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Author: Subject: Quest for the elements
blogfast25
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[*] posted on 10-2-2016 at 07:03


Quote: Originally posted by crystal grower  
Maybe its a stupid idea but would it be possible to make elemental boron by putting Al rod into molten Boron trioxide ?? (It doesnt matter how pure it will be).


None of the problems mentioned in the thermite thread would be solved by that.




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[*] posted on 10-2-2016 at 13:17


Added another element sample: red phosphorus.

I have taken appr. 4 grams of red phosphorus and added all of it to 80 ml of water. To this water, I added 1 ml of bleach and stirred the whole mix for a while. You get an opaque red liquid and when stirring is stopped, quickly a dark red/brown slurrie settles at the bottom, while the liquid above it remains a lighter red. Next, I decanted the liquid and left the mud at the bottom. This process removes all very fine particles and the bleach assures that any traces of white phosphorus which may be present in the red P are destroyed as well.

Next, I put the dark red/brown mud on a piece of filter paper and pressed it dry as good as possible between the folded filter paper, around which a thick layer of paper tissue is wrapped. Nearly all water is absorbed by the paper tissue. The result is a fairly dry coarse powder of phosphorus. I transferred this nearly dry powder from the folded filter paper to a petri dish and put this in an oven at 100 C for 15 minutes. After these 15 minutes I stirred the dry powder with a spatula, broke apart some larger clumps of powder and made a really free flowing powder of this. This powder was put in the oven for another 15 minutes at 100 C. After that, I took it out of the oven and transferred it to an ampoule, while still warm, using a small glass funnel. Next, I immediately sealed the ampoule. Inside the ampoule I have a perfectly dry dark red/brown powder, which hardly sticks to the glass, so that the sample can be viewed nicely.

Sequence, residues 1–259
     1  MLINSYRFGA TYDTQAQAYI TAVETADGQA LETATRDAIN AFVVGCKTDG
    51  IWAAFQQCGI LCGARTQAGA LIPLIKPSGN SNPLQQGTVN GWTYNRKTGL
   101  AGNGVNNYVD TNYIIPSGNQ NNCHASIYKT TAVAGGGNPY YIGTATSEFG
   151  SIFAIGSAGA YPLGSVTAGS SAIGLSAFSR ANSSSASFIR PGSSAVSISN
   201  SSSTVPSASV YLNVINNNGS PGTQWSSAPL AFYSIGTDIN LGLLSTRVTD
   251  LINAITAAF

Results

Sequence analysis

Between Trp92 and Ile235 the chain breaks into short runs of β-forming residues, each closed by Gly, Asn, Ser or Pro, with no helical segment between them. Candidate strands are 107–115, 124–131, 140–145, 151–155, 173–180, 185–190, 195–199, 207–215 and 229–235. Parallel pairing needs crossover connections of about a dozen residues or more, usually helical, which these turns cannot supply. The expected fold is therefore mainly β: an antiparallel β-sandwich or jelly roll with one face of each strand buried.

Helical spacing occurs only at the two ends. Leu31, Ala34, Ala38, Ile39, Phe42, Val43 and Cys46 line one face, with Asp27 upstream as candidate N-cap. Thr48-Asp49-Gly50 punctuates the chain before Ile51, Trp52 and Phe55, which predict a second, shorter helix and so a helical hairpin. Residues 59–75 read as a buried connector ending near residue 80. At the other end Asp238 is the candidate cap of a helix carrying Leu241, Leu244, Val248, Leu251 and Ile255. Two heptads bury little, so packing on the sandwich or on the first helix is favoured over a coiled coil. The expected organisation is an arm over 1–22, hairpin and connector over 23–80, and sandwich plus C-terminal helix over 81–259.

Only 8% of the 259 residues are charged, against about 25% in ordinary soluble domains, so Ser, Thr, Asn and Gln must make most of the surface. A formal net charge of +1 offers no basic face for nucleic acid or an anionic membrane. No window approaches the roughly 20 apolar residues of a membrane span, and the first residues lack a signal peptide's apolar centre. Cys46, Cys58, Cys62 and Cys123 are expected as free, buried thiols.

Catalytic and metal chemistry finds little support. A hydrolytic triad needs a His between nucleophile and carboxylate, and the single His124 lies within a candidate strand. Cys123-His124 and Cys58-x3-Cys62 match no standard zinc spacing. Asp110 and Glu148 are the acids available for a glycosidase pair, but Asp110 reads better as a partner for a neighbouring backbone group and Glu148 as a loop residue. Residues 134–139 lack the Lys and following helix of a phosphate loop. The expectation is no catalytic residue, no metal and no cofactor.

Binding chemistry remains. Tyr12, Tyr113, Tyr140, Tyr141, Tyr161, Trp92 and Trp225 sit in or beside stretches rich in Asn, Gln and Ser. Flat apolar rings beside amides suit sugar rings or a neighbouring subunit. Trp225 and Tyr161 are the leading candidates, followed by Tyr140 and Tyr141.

All this preprocessing of the red P is done in order to make it really dry and to remove all the fine particles and to remove traces of white P. Without this treatment, you get a sample, which is somewhat sticky and the inside of the ampoule then quickly is covered with a red smear, which blocks the view on the sample and makes it look ugly.

I am quite happy with my ampouled sample of red P. Making good-looking samples of elements is less trivial than I thought a few months ago. Humidity, very fine dust, and stickiness of materials is your greatest enemy. They make samples look ugly. Unfortunately nearly all cheaper samples of elements suffer from at least one of these things. For instance, I purchased a 20 grams sample of arsenic in a nice ampoule. Unfortunately, the arsenic is covered in a thin greyish/white layer of oxide and this sticks to the inside of the glass ampoule and this dust makes the sample much less attractive. It looks foggy and irregular.





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[*] posted on 10-2-2016 at 14:40


This is sounding great woelen. I bet those element collections look gorgeous.
Are you preparing them to sell or just for your own pleasure or what?


I intend to follow your procedure to clean up my arsenic before ampouling. Red and white P are further down the list.




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[*] posted on 11-2-2016 at 00:00


I make these samples for my own pleasure. I want to display them in a big periodic table display (appr. 1.5 meters wide, appr. 7 cm width of available space per element).

If you want to prepare the arsenic according to my procedure, then I would suggest doing a final rinse with a very weakly acidic solution of K2Cr2O7 and allow that to act upon the arsenic for a few minutes and then rinse the arsenic very well with cold water (can be tap water). This last treatment with K2Cr2O7 makes the arsenic less prone to oxidation. I do not know why this is, but my observation is that arsenic, which is treated with dichromate and in which not all dichromate is used up before rinsing, is much more stable on storage. It remains shiny and grey instead of black.

[Edited on 11-2-16 by woelen]




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[*] posted on 11-2-2016 at 00:14


Thanks for that woelen. I confess that I have not remembered all the details of your arsenic preparation. I intend to look them up thoroughly as well as this little addendum before I attempt it. I also need to develop a waste disposal plan. That (and limited time in the lab) are the two things keeping me back at the moment.

I am tempted to ampoule an oxidised sample of As as well. I think it will make a good before/after picture.
My element display (when completed) will be less of a display and more of a hands on thing with each element telling a bit of a story with accompanying card. So, for lead, its most significant property is its density and availability. I want a 15kg ingot to show that. But for thallium I want a tiny ampouled sample -- this much can kill you.